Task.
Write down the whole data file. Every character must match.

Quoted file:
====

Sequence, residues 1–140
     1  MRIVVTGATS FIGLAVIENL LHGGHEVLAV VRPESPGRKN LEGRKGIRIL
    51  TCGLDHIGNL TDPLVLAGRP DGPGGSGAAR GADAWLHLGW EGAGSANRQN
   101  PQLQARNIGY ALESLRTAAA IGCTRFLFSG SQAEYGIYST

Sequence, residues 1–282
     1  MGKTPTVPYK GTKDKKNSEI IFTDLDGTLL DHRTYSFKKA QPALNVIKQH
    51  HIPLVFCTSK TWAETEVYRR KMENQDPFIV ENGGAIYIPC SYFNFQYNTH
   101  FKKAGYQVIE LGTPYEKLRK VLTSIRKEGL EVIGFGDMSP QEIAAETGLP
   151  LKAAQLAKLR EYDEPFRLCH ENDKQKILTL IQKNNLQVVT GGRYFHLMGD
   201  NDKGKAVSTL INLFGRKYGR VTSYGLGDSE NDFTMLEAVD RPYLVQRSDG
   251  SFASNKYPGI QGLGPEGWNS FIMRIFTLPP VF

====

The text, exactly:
Sequence, residues 1–140
     1  MRIVVTGATS FIGLAVIENL LHGGHEVLAV VRPESPGRKN LEGRKGIRIL
    51  TCGLDHIGNL TDPLVLAGRP DGPGGSGAAR GADAWLHLGW EGAGSANRQN
   101  PQLQARNIGY ALESLRTAAA IGCTRFLFSG SQAEYGIYST

Sequence, residues 1–282
     1  MGKTPTVPYK GTKDKKNSEI IFTDLDGTLL DHRTYSFKKA QPALNVIKQH
    51  HIPLVFCTSK TWAETEVYRR KMENQDPFIV ENGGAIYIPC SYFNFQYNTH
   101  FKKAGYQVIE LGTPYEKLRK VLTSIRKEGL EVIGFGDMSP QEIAAETGLP
   151  LKAAQLAKLR EYDEPFRLCH ENDKQKILTL IQKNNLQVVT GGRYFHLMGD
   201  NDKGKAVSTL INLFGRKYGR VTSYGLGDSE NDFTMLEAVD RPYLVQRSDG
   251  SFASNKYPGI QGLGPEGWNS FIMRIFTLPP VF